Lugundi Batavorum: Andream Dyckhuisen, 1701. First Latin edition, same year as Dutch. Hardcover. Early treatise on surgical procedures in obstetrics. Outsize 8vo, xviii, 274pp, (6)pp. 38 copper engraved plates on 35 leaves, all edges speckled in red. Full period vellum binding with original vellum ties. Blind stamped with decoration, title in manuscript at spine. Interesting end paper with part of paste down not present, obviously a contemporary condition, as a previous owner bookplate is laid on to the board and the half sheet. Internally it is a lovely copy, crisp plates and text, the title page printed in red and black. OCLC 14302986.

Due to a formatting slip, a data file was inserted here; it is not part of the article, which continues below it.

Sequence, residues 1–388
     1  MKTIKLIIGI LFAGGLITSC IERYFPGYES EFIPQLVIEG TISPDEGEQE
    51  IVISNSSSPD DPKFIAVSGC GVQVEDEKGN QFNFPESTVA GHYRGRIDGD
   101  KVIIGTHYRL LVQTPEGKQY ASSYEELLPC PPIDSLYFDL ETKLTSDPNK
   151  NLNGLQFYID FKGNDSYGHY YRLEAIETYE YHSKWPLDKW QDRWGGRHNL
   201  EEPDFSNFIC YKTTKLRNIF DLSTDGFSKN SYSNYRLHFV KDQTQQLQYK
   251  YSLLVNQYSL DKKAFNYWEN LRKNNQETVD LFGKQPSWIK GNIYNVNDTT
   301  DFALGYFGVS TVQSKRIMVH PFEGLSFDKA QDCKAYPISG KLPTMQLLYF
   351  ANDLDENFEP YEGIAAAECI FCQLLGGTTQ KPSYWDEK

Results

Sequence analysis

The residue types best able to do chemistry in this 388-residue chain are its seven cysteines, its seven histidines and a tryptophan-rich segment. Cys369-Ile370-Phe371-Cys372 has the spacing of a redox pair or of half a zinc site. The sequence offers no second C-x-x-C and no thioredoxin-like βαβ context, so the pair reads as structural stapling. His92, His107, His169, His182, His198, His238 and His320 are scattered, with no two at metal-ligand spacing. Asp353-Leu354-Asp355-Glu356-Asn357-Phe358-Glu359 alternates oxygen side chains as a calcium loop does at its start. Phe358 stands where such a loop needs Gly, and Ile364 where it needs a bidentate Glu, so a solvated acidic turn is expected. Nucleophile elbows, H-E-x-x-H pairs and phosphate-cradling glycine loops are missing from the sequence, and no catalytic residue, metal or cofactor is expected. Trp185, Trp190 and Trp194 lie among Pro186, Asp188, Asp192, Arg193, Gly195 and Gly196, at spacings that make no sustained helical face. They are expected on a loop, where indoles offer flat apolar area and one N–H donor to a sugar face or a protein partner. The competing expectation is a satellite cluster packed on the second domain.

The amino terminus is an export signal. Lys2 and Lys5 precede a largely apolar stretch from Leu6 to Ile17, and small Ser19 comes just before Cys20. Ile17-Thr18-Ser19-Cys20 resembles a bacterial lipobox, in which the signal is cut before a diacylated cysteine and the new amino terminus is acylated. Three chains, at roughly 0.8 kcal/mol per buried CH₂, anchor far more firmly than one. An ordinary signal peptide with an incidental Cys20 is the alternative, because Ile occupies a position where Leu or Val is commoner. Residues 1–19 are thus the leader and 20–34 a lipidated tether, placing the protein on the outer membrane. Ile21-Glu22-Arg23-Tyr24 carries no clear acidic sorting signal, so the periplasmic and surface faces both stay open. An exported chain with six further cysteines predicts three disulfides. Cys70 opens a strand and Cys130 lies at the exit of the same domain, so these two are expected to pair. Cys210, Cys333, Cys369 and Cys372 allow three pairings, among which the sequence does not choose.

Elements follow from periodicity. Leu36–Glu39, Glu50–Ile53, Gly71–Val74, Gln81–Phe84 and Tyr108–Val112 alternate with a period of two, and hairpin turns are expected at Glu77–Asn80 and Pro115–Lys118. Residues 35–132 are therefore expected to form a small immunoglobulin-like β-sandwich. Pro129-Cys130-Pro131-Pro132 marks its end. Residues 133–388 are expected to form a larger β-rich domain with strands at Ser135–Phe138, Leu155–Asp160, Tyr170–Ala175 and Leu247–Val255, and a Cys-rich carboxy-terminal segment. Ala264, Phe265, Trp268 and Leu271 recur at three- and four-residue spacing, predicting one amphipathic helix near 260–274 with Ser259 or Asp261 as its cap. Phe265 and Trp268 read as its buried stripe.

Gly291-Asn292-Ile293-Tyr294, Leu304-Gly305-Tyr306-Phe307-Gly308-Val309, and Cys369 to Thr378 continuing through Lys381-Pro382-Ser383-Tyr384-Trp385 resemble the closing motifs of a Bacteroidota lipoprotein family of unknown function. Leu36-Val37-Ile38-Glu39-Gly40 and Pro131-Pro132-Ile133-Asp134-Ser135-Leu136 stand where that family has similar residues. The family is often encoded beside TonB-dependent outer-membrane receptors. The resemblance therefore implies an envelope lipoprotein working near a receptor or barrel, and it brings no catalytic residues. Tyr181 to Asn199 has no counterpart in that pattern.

[Garrison Morton 6253; Wellcome p.460; Waller, 2423]. "Deventer, born at The Hague, may be numbered among the founders of modern obstetrics. As a practitioner in his native city, he directed his greatest efforts to the practice of midwifery and to the study of its many unsolved problems. He was also interested in orthopedics and spent a great deal of time studying the bones of the pelvis. It was through his investigations of the normal and deformed pelvis and their effects on the course of labor that he was able to make significant contributions to the science of midwifery. The present work on obstetrics was first published in the Dutch language at Leiden. A more elaborate Latin edition appeared in 1701, and this French translation was made from it." (Heirs, citing the 1734 French edition.) According to Morton's Medical Bibliography, "This work gives the first accurate description of the female pelvis and its deformities, and the effect of the latter in complicating labour. The first edition (The Hague 1701) contains a relatively unattractive frontispiece portrait of the author, engravd by himself." In this 1701 Latin edition, the frontispiece is replaced by an additional engraved title with illustrations of the foetus in different positions in the womb, and contains 38 figures on 35 leaves illustrating various aspects of delivery and other facets of midwifery. Very good condition. Item #7244